Billy Budd By Herman Melville Character List

William "Billy" Budd Of obscure origin and limited education, Billy is a good-hearted and simple peacemaker who is nicknamed "Baby," as well as "the Handsome Sailor." He serves dutifully as foretopman on the Bellipotent and rejects an offer to join a mutiny. Claggart hates Billy because of his innocence and beauty.


John Claggart, Master-at-Arms The dark, demon-haunted weapons officer and ship's policeman in his mid-thirties who, out of jealousy and malice, causes Billy's execution. Claggart comes from a shady background and is possibly foreign by birth. He is not well known to the captain because he joined the crew when it last left home port to replace the former master-of-arms, who was disabled. Because of his inner corruption, Claggart brings about his own death and is buried at sea.

Captain "Starry" Vere A dedicated career naval officer in his fifties who allows obedience to duty to force the condemnation and execution of an innocent man, even though Vere sympathizes with Billy and recognizes his innate innocence. The captain distinguishes himself in battle off Gibraltar and dies of a musketball wound. In his last moments, he twice speaks Billy's name.

The Dansker An old sailor, nicknamed "Board-Her-in-the-Smoke," with a pale, jagged scar across his face, weasel eyes, and a blue-peppered complexion. A favorite among the men, he demonstrates unsentimental wisdom. He gives Billy his nickname, "Baby," and warns him that Claggart is "down on him."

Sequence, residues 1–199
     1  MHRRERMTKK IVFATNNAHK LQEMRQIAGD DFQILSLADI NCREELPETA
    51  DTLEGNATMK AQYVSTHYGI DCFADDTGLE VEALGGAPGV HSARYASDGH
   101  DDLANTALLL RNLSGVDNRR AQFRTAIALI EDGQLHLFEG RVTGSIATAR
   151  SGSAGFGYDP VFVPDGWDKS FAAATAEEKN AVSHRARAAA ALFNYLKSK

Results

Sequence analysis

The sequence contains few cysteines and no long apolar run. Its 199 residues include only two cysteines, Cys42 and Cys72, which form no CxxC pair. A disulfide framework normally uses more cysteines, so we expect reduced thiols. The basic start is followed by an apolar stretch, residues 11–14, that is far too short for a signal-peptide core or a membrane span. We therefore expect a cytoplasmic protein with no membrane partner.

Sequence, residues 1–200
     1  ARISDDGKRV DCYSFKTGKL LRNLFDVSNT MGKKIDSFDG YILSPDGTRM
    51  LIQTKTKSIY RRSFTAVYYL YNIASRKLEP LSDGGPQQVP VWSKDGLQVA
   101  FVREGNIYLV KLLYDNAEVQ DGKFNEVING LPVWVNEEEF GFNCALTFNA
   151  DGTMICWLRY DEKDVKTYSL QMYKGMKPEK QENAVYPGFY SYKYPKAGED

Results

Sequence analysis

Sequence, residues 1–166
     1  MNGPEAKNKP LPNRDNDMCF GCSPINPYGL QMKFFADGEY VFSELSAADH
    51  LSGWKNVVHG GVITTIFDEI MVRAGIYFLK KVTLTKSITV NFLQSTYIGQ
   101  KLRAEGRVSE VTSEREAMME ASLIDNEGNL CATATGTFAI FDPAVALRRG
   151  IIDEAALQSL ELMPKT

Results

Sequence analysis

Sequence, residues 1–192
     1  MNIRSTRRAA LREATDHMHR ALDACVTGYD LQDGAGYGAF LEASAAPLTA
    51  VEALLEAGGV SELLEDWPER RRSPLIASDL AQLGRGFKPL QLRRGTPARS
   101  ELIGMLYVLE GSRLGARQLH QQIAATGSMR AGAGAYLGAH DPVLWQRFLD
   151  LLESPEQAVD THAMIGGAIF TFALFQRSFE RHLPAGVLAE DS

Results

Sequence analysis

Squeak A small-statured corporal aboard ship who sneaks about in order to give Claggart false reports of petty offenses allegedly committed by Billy Budd.

Captain Graveling The fifty-year-old captain of the Rights-of-Man is plump, responsible, and peaceloving. He prizes Billy Budd's qualities and regrets losing him to the Bellipotent.

Lieutenant Ratcliffe A dutiful man with a taste for liquor, Ratcliffe is burly and cynical about his role as impressment officer.

An Afterguardsman An obvious tool of Claggart, he summons Billy out of sleep, takes him aside, and offers an unspecified bribe for Billy's part in a purported mutiny. Later, the afterguardsman feigns innocence through casual jocularity.

The Surgeon The ship's surgeon — gloomy, dutiful, and efficient — examines Claggart and determines that he is dead. The surgeon doubts that Captain Vere should handle the legal proceedings, but refrains from stating his beliefs rather than give the impression of insolence or rebellion. Later, the surgeon discredits notions that Billy's death was in any way abnormal.

Mr. Mordant Mordant, the captain of the marines, is a soldier among sailors. He is asked to serve on the drumhead court. His questioning points toward a better understanding of Claggart's enmity, but the lieutenant, at Captain Vere's urging, overrules Mordant before he can get to the bottom of the confrontation.

The Sailing Master Of the three-man tribunal, he is the only one who proposes a lesser sentence for Billy.

The Senior Lieutenant The most reluctant of the jury to condemn Billy, the senior lieutenant later assumes command of the Bellipotent and leads the crew in victory over the French Athée. He hears of Captain Vere's dying words and correctly interprets their significance.

The Chaplain A worthy, discreet man of God who tries to indoctrinate Billy with Christian principle, but accepts his innocence as reason to hope for salvation. The chaplain accompanies Billy to the place of execution.

The Purser A crew member who wonders why Billy's body did not convulse when he died.

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